Age matters to me only in the sense that I want to be with someone who can relate to the host of references that I, like all of us, make all the time that only someone near enough to my age would understand. For example, if I say “Neil Young,” I don’t want to hear “Neil who?” in response.
Not my divorce as much as my post-divorce experiences influence how I make relationship decisions now. I have learned a whole lot about what’s important to me through trial and A LOT of error. My age only matters insofar as I have gotten old enough to actually learn a thing or two.
It could be either, neither, or both. All that matters to me is whether a man has gained some insight into himself and others by whatever means–divorce, age, difficult experiences–and is willing to put them to use in a relationship with me.
For me, the key was waiting out all of the difficult emotions–the panic, fear, loneliness, and anger–until I had regained enough balance to get to know the new me and my new reality. I had a cousin who told me at the beginning that it would take me five years to recover from my divorce and I thought she was exaggerating by a mile. Turns out she was wrong only in that it took me longer. (In some things I am a slow learner.)
The most recent statistics by Pew show that among previously married men, 64% remarried, compared with 52% of previously married women. That sounds like pretty good odds, but the majority of second and third marriages end in divorce, 73% for the third according to some sources. Those stats don’t sound great, but as the eternal romantic, I think it’s not only possible but something that we should all shoot for. (Hey, I believe it helps to put out into the universe the things you want!)
- Here’s a big one that I haven’t made but have heard a lot. Do not even think of putting up a photo from when you were eight years younger/twenty pounds thinner/blonde instead of brunette. You do not want to greet your date and be met by a look of shell shock and disappointment. Better to get someone to take a great shot of what you look like now and post that.
- On the flip side, a mistake that I personally made in the early days was to be naive enough to believe everything the men said in their profiles. Will it surprise you to know that there are married men trolling the online sites? It sure surprised me. Now I’m a little more cautious and street smart.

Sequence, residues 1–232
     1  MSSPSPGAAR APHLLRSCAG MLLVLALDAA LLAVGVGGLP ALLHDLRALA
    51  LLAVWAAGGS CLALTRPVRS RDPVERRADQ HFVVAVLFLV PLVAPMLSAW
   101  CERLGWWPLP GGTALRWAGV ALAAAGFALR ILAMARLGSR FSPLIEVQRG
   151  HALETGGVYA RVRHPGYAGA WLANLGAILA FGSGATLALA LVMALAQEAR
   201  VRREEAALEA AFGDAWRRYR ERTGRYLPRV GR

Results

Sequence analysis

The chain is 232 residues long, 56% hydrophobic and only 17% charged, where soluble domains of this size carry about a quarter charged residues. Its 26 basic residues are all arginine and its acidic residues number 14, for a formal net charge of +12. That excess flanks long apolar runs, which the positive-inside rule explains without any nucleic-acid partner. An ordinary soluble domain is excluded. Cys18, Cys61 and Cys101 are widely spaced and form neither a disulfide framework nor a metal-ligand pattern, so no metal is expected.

- Another one was to give my home address out too soon. I am too trusting by nature, and while luckily nothing bad ever happened, I learned to withhold that information until it was reasonable to give it out.
I think it’s OK, but I don’t think it’s smart. Very few people going through a divorce have their heads screwed on straight. It is not a time to be dating, although for me, it was a time when I desperately wanted to date because I was so afraid of being on my own. The fear and disruption of divorce plays out differently for different people. Some people, for example, just want to sleep around. Some people rebound into a second marriage. Regardless, anything done out of pain and fear versus stability is not a good bet for long-term success.
We’ve been around the block (in a good way) and a little respect for our accumulated knowledge and experience goes a long way. Also, men should be open and willing to learn about their dates. I have noticed that during a first date, a lot of men don’t ask me anything about myself, but talk at length about themselves. That is not an endearing quality. Everyone wants to be seen and heard, and when I am totally ignored like that I lose interest in the other person very quickly.
I’ve been happily surprised to hear positive feedback from a broad spectrum of people. Men uniformly find the book hysterically funny, and one woman (age 30) told me she was interested, and thought her peers would be as well because they are curious about what dating is like for their mothers and grandmothers(!)
The only dating advice I have for anybody is be true to yourself. If you want respect for your mind and still want to be coddled from time to time, ask for it. If you believe that a couple should share expenses but want your man to open the car door for you, ask for it. Communication is a wonderful thing.
Yes! I am living proof. I tell you, there is nothing like a woman who has a lot of pent up sexual energy. I think that might be what the whole cougar thing is about–the younger guys discovered our little secret. On a more serious note, if two people over 50 are attracted to each other and open to being sexual, there is no reason why the sex can’t be great. Especially because in the case of over-50 singles, you still have the excitement of uncharted territory with a new partner.
This is one place I put my inner romantic on hold. Use protection until you reach the point in the relationship where you have truly established trust, and before you ditch the condoms, both get tested and show each other the results. According to the CDC Condom Fact Sheet, laboratory studies have shown that latex condoms provide an effective barrier against even the smallest STD pathogens. So while getting pregnant is thankfully no longer an issue for older couples, there is still a reason for caution.
That would be no as in NO, really, never loan money to a man you are dating. It skews the relationship and in my opinion (NOT based on personal experience) rarely ends well. Didn’t you ever hear “don’t be a nurse or a purse?” It’s good advice. That is not to say that I’m opposed to buying gifts for a guy I’m dating or sharing expenses. I know many women who wouldn’t even do that, but I drank the Kool-Aid in the early 1970’s and have no problem with fiscal equality. Once it turns into a committed relationship, it’s more nuanced and my opinion would probably change depending on the facts.
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